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Driveways and Drainage

Driveways and drainage have caused many homeowners some headaches.

Drainage is such an ubiquitous part of the construction that it often goes unnoticed unless something goes wrong. Water management is an important aspect of all types of building and landscaping.


Mike Glen


Whilst we live in a country with plenty of sunshine, we do have our fair share of storms, heavy rain, wind. Gutters, stormwater drains, and driveways can’t cope and often become completely flooded. If the drainage system isn’t enough, the water has nowhere to go. So it sits on the surface and that can cause damage that will need much repair work done. This could be a problem that requires a lot of time and money to solve.

But there are solutions, in the form of different driveway drainage systems.

Positioning Drains

Place drains in the areas that receive the most water. That way the drainage has the best chance of working to the greatest potential. So, if your driveway slopes down towards the road, place the drain in that bottom section.

Keep Water Out Of Your Garage

A reputable driveway paving contractor does two important things:

  • Installs a drain where the paving and the floor of the garage meets.
  • Slopes the paving so the water runs into the drain – from both sides.

Common Problems with Poor Driveway Drainage

Many homeowners have come across the same common drainage problems on driveways. Below are a few of them.

Flooding: Homes with driveways that slope down towards the house experience flooding during heavy rains. This may lead to dampness forming in walls. Or even damage inside the home if the water gets in through gaps, such as the undersides of garage doors.

Standing Water: If the water isn’t absorbed and there is nowhere for the water to drain away to it pools in one place. During colder months when there isn’t as much sunlight to help the water evaporate, you may have large puddles of water in your driveway for days.

Damage: When water pools on a driveway for a long time, it could lead to extensive damage. Particularly in autumn and winter when there is frost. Frozen water expands in the cracks and gaps, opening potholes in your driveway.

Moss and Mould: Trapped water in the cracks on your driveway creates an environment for unwanted plant life to grow. You will then have to deal with weeds, moss and mould.

You can easily avoid all these problems by installing the correct drainage system for your type of driveway. For example, some drainage systems work better for a concrete driveway rather than a gravel driveway. There are a variety of options for you to choose from to pick the perfect drainage system for your driveway.

Driveway Drainage Options

Here are some ideas that you can consider. Bear in mind where they will work best, and which driveway types they are most suitable for.

Channel Drainage. Also known as “linear drainage” or “trench drains”. Channel drains are long, narrow drains (resembling a small trench) with a grate cover. They collect water and carry it away before it reaches an area where you don’t want to risk flooding. Channel drains come in cast iron, stainless steel or polymer concrete. The most popular choice is the polymer concrete channel drain. It is cheaper and very durable.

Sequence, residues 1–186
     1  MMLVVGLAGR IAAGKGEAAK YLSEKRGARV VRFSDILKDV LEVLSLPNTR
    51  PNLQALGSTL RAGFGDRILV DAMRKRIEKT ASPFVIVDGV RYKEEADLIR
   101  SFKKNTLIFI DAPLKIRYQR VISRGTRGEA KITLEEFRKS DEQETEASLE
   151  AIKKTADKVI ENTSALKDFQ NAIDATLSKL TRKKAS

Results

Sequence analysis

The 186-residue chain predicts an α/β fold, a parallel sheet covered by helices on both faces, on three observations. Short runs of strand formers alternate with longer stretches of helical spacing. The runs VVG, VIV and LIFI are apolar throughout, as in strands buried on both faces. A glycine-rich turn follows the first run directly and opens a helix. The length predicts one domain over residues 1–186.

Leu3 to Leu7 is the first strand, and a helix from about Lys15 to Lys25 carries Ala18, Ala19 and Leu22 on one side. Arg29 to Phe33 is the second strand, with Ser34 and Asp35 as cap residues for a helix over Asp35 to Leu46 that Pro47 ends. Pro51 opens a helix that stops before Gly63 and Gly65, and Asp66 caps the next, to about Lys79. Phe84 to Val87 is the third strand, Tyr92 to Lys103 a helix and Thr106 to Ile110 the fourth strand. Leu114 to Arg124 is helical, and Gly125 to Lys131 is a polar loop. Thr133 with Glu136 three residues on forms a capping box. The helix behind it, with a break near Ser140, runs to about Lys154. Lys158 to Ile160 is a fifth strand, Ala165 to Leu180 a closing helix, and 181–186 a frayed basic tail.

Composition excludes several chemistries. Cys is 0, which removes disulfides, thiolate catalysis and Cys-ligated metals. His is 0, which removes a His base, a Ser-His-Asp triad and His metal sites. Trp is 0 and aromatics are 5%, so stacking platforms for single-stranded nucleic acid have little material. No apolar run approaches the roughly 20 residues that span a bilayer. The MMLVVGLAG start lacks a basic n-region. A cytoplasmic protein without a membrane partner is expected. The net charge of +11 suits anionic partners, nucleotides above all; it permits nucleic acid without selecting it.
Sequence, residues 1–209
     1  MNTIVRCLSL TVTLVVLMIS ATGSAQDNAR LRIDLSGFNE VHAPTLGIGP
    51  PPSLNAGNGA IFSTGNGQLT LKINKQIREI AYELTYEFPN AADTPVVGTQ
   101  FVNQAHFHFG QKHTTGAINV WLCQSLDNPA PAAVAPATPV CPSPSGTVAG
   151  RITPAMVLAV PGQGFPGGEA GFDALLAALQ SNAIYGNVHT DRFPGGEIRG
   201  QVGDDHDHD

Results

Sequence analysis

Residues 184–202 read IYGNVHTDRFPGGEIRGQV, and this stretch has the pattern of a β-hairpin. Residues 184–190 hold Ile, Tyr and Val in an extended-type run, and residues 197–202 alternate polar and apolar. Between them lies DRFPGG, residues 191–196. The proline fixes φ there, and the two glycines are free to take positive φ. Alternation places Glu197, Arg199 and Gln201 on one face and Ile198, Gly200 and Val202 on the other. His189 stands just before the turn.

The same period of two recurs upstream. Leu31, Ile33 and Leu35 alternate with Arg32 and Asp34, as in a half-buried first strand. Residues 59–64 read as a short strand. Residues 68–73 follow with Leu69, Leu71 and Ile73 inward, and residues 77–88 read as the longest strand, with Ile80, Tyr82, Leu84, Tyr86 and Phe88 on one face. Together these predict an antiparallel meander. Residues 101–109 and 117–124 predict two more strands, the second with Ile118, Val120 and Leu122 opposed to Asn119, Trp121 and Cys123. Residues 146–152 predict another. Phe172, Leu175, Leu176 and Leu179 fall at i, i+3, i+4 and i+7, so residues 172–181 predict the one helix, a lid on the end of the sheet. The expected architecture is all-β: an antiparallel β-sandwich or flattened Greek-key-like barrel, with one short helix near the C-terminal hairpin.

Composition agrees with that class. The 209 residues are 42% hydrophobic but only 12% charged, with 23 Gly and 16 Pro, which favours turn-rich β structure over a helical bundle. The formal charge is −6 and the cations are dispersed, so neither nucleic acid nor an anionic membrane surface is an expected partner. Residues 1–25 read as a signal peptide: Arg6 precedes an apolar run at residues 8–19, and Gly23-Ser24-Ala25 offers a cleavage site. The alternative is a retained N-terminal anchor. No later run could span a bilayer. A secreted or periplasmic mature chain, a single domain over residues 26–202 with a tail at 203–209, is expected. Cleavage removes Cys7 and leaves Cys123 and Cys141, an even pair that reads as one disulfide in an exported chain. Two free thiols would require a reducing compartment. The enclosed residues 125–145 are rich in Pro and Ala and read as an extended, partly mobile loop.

Gully Drainage. Like channel drains, gully drains are long, trench-like drains with grate covers. But, the difference between the two is that gully drains only drain water at one point. This type of drain is also frequently used in open car parks, or basement parking garages.

Be aware channel and gully drains get blocked easily due to their size. Remove the grate and clean them out regularly. That will keep them working optimally. Or, you may consider calling a professional service provider to do it for you.

French Drains. This is another trench-style drain. But, they differ from the others because they are dug to a gradient and filled with an aggregate, such as gravel. There are finer pieces on top, which gradually get larger towards the bottom. This helps the water to flow and filters out debris from the system.

Soakaway Crates. This is the endpoint of most drains. Water is either absorbed or it is drained away. In most cases, we would highly recommend that you install a soakaway crate to allow the water to seep away naturally into the ground. The pipe which runs from the surface water drainage system will lead straight into the crate. The water runs through this system to prevent flooding or waterlogged patches around your property. A crate could even take rainwater straight from the gutter, to get it away from your house in no time at all. 

There is a chance that, like with any other drain or gutter, debris could still get through the Soakaway Crate drainage system. This results in the pipe to your soakaway becoming clogged. In these cases, you should call a plumbing company to unblock the problem for you. They are experts who will take care of the problem straight away. This will save you time and money. Not to mention the cost of potential damage caused in attempting the work yourself.